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  • Metal Finishing Question

    After making a part of steel plate it needs to be finished. I haven't decided yet whether to chrome or powder coat it but in either process I am up against the same issue. During the manufacturing process some small marks (indentations) were made in the material. Rather than grind or polish the entire part to the level of the "dings" what can be used to fill them that will still stand up to either the temperature of the powder coating oven or the electro- chemical process of plating? I know car bumpers can be straightened and rechromed, what is used in that process to fill small dents, gashes etc. during that process?
    I was considering brazing, mig welding and soldering and then grinding off the areas to match the surrounding surfaces. Has anyone any experience with this method?

  • #2
    Soldering is a now go since the lead melting point is really low, not sure how the finish will turn out if you fill and chrome but powder coat should be ok for braze or tig.
    I read on here I think it was one of Sir John's post about a method they use to fill up worn shafts when the bearings ate them, can't remember the details but maybe someone else does.
    Kobus
    If you are using violence and it does not work, You are not using enough or it is upside down.
    You can always just EDM it...

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    • #3
      Braze or mig or tig will stand up to whatever you decide. There is a high temp metalic filler that they use under powder coat, but depending on the color it can show through. Shiny black shows everything.
      Last edited by topct; 05-13-2011, 04:07 PM.
      Gene

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      • #4
        If the part is very large, I'd be concerned that TIG or MIG on one side would warp the plate.
        Any products mentioned in my posts have been endorsed by their manufacturer.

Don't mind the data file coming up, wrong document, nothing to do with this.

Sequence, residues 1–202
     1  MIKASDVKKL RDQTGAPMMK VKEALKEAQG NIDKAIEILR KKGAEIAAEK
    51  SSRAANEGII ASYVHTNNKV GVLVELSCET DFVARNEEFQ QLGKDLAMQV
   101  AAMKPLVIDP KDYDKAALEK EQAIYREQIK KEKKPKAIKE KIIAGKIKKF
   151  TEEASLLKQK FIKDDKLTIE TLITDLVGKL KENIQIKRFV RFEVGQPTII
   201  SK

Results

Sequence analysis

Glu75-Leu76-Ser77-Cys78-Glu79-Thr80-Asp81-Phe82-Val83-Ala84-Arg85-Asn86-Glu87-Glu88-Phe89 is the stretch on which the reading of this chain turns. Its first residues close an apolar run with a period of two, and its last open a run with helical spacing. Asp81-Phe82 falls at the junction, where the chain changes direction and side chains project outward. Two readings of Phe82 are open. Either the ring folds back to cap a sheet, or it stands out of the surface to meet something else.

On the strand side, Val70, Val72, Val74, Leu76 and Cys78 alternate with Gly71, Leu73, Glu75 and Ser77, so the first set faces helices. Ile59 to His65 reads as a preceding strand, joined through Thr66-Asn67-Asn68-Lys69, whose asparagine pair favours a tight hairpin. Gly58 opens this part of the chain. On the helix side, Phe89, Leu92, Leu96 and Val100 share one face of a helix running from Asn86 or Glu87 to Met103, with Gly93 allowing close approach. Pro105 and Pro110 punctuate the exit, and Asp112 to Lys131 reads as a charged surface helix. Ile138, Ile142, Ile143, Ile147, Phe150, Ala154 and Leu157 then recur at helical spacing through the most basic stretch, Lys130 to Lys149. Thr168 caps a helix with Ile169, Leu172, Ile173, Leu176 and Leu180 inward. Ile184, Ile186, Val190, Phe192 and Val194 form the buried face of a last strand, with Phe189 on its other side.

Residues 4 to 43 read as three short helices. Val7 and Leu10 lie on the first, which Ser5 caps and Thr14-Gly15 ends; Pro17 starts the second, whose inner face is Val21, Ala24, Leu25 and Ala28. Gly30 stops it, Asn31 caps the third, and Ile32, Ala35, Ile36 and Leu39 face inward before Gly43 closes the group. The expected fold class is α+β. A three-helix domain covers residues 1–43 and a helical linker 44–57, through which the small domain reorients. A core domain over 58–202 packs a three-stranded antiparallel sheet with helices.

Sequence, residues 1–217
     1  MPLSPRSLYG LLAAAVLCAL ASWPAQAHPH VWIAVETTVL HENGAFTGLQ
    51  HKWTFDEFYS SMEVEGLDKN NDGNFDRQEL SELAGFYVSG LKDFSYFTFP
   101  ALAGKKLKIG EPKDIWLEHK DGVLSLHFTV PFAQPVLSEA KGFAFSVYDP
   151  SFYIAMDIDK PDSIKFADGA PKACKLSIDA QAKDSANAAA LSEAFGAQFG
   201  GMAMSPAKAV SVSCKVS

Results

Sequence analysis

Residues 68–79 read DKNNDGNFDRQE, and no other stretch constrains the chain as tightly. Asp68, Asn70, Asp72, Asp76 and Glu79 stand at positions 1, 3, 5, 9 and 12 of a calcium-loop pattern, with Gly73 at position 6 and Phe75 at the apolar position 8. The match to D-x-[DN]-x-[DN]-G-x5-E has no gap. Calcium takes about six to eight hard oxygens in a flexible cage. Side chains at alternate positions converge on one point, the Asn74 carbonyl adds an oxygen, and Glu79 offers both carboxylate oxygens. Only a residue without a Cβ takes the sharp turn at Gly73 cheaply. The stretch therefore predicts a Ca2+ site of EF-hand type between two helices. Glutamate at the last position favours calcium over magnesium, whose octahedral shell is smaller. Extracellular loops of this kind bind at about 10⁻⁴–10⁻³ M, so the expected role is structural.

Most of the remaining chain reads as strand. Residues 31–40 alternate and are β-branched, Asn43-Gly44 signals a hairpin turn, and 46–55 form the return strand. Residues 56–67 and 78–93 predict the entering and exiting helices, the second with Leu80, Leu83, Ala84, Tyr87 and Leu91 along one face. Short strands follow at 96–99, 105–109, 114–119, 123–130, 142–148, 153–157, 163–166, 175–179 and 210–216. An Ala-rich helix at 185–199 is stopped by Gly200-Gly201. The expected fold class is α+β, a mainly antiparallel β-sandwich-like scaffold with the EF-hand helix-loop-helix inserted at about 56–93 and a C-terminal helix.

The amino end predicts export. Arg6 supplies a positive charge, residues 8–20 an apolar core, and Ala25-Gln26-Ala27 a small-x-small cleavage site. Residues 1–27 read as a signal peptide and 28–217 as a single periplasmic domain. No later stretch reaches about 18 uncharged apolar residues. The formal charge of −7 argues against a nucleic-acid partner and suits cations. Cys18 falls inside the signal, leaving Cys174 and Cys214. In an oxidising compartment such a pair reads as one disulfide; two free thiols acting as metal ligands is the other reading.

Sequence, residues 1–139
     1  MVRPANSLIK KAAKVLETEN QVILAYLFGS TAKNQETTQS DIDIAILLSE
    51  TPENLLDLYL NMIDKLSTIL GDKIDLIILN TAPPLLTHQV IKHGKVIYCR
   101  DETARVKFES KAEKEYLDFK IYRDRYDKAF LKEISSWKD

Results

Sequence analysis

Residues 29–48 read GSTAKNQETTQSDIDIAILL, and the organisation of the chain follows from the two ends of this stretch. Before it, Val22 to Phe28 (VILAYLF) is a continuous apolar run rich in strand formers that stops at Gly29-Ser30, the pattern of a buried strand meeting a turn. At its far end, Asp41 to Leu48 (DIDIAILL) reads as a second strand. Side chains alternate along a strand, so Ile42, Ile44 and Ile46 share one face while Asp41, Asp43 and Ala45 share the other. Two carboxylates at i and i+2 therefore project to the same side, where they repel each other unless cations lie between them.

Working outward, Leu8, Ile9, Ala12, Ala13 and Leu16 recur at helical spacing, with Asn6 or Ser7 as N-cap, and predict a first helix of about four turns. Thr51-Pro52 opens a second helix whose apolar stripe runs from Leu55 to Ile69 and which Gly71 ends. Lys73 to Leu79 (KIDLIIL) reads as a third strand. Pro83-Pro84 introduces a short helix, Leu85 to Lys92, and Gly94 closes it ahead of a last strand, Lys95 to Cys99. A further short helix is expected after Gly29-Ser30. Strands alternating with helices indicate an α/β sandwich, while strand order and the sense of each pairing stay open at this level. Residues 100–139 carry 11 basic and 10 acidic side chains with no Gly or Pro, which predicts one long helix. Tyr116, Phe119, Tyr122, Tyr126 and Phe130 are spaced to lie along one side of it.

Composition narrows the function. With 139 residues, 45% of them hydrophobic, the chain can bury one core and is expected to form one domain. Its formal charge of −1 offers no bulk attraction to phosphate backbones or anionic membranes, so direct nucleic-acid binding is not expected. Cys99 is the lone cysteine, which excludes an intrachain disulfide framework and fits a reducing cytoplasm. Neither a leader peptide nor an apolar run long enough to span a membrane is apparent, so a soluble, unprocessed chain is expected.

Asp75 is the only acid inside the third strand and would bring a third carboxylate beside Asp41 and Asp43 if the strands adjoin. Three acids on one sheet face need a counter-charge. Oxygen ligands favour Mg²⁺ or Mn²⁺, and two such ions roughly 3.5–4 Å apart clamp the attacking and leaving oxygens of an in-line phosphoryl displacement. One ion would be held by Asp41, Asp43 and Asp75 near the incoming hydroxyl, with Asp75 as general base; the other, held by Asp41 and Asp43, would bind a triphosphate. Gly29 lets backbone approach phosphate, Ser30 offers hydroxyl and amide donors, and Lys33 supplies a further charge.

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        • #5
          Originally posted by winchman
          If the part is very large, I'd be concerned that TIG or MIG on one side would warp the plate.
          Or thin. Good point.
          Gene

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          • #6
            braze it.
            ..with welding you will be chasing around for ever ..as there is usually a depresion around the weld...which isnt so bad if you are putting filler in ..but not for plating or chroming

            all the best.markj

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            • #7
              Decorative chrome platers plate pitted or rough surfaces with copper until the copper can be buffed smooth. Then the finish plating has a smooth substrate to adhere to.

              RWO

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              • #8
                Once you get a price from a reputable chrome shop, you will probably have it powder coated. Most powder coaters will recomend a filler that works with their paint process.
                Brian Rupnow

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                • #9
                  Depending on just how smooth a finish you need a powder coatings thick film my be enough to fill in small scratches.

                  Filling the dings with solder should work if you use an alloy that has a melting point above the 400 degrees needed to cure the powder coat.

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                  • #10
                    Thanks to all who have replied. The solder technique is most to my liking due to low heat input and ease of smoothing after soldering. Anyone have any suggestions at to what solder might be used? Something that has a melting temp a hundred degrees of so above 400F, but is easily workable and adheres well to steel.

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                    • #11
                      The silver/tin solders with about 4 % to 5 % silver will have melting points about 550 to 650 F. Be sure to use a good flux. I like the non-acid paste type since I mostly do gun work and it doesn't eat the blued finish.

                      David
                      David Kaiser
                      “You can have peace. Or you can have freedom. Don't ever count on having both at once.”
                      ― Robert A. Heinlein

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                      • #12
                        Hi

                        For filling the imperfections, they use this product at the last place I work.

                        http://thermobond3.com/default.aspx

                        You have to put it in the microwave before.

                        But you have another option: Powdercoat the part, sand it and repowder it.

                        That the way they always do!

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